Is it time to challenge the Church Leaderships about Health & Safety?
With the announcements over the weekend about further easing of the lockdown including schools re-opening and open-air markets being allowed to re-start on June 01st (although some have managed to keep going with innovative and effective social distancing measures), and non-essential shops from 15th June, most of us involved in Chaplaincy are champing at the bit about an impending return to our own clientele. Our sense of frustration is added to by being confined to informal contact via video conferencing platforms, social media, emails or the telephone. Little if any face to face contact – even at 2m intervals – has been possible, and for people for whom this is a key aspect to their ministry, only adds to the frustrations. But as the country begins to open up, there are perhaps some possibilities that a few of us may be able to do what God has called us to do in the short term. However much relies not only on those organisations for whom we serve but also the attitude of our religious leaders and their approach to health & safety.
Yesterday (May 25th), I came across an article on the discussion website www.Unherd.com by David Quinn, who writes for The Sunday Times in Ireland entitled, Why do our church leaders worship at the altar of health and safety? In it, he questions the attitudes of church leaders on both sides of the Irish Sea for not doing more to challenge those in political authority about opening up churches to public worship compared to other European countries which have, albeit with the appropriate distancing and hygiene measures in place. In Ireland public worship is unlikely to take place until July 20th here in the UK it is July 04th at the earliest. As usual with these articles and this being a discussion website, the comments at the end from readers can often be as informative as the articles which inspired them in the first place. Click on the link above and judge for yourself.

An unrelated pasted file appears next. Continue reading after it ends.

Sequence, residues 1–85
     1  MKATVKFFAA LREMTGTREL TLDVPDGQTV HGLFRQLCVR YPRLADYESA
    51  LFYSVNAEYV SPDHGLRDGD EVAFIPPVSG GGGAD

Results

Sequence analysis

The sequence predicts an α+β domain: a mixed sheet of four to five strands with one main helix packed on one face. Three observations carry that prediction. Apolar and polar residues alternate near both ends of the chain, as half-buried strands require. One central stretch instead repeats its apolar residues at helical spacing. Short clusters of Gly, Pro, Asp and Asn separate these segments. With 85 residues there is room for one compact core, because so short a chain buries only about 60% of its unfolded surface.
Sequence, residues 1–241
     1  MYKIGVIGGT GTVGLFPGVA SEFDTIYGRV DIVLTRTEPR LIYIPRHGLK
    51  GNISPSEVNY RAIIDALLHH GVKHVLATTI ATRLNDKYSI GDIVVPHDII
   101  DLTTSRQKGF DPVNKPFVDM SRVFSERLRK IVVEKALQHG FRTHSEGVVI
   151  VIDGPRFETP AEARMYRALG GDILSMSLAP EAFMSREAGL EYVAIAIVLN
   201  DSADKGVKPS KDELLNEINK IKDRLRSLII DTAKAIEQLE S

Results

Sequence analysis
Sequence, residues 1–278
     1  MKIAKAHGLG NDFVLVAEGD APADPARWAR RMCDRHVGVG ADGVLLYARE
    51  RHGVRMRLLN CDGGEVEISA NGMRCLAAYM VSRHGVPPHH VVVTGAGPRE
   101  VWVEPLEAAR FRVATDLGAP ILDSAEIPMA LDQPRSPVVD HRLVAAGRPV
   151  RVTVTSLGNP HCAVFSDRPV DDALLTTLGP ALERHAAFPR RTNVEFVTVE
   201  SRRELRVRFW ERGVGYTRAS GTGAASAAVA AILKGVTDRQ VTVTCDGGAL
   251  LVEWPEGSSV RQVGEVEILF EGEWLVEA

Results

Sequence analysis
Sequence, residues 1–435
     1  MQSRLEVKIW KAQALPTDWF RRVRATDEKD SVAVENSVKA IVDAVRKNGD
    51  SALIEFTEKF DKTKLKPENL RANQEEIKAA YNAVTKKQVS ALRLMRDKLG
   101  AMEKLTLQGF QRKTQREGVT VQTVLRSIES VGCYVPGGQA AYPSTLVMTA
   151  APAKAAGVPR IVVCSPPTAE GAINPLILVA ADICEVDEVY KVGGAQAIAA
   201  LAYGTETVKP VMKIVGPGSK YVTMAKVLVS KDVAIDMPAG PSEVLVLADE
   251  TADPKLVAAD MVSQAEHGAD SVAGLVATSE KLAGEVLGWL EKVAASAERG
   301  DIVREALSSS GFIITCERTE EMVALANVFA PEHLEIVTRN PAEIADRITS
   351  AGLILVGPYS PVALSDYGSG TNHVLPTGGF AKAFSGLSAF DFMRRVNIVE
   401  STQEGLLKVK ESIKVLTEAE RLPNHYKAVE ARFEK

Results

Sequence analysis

From a personal viewpoint as a type 2 diabetic, I am also considered to be in an at-risk category – not that I consider myself to be in any way vulnerable - but while nobody wants to be seen to be cavalier about potential risks around public gatherings, as the writer himself puts it, “They have forgotten that all life involves risk. When public worship is finally restored, it will be far safer to have 40 people in a church that can fit 400 than to have a hairdresser hovering over your head for 30 minutes.
The streaming of services particularly for our mostly elderly congregations many of whom have underlying medical conditions, is an innovation which is here to stay not only during the crisis, but I would hope, for those who cannot attend church under normal conditions. But as workplace chaplains we are also worshippers, and it is just as important for us to be seen at our churches and other places of worship as it is as at our workplaces!
In a previous blog posting, The Nuances of Workplace Chaplaincy, I raised the question about what would have happened had the early disciples practised a culture of safety first when taking the Gospel of Christ out to their dangerous and uncertain world.
Being cautious during times of uncertainty is a natural inclination, but to the population at large, surely it would be of immense benefit if public worship were seen to be taking place here now like it is in Europe. In this instance the message for all to see religious and secular alike, would be of a people whose faith in God and willingness to share its practice publicly even in times of crisis, is endorsed and actively encouraged by those who lead us.
As Jesus put it in Matthew 16:3b, “You know how to interpret the appearance of the sky, but you cannot interpret the signs of the times”.
Or can they?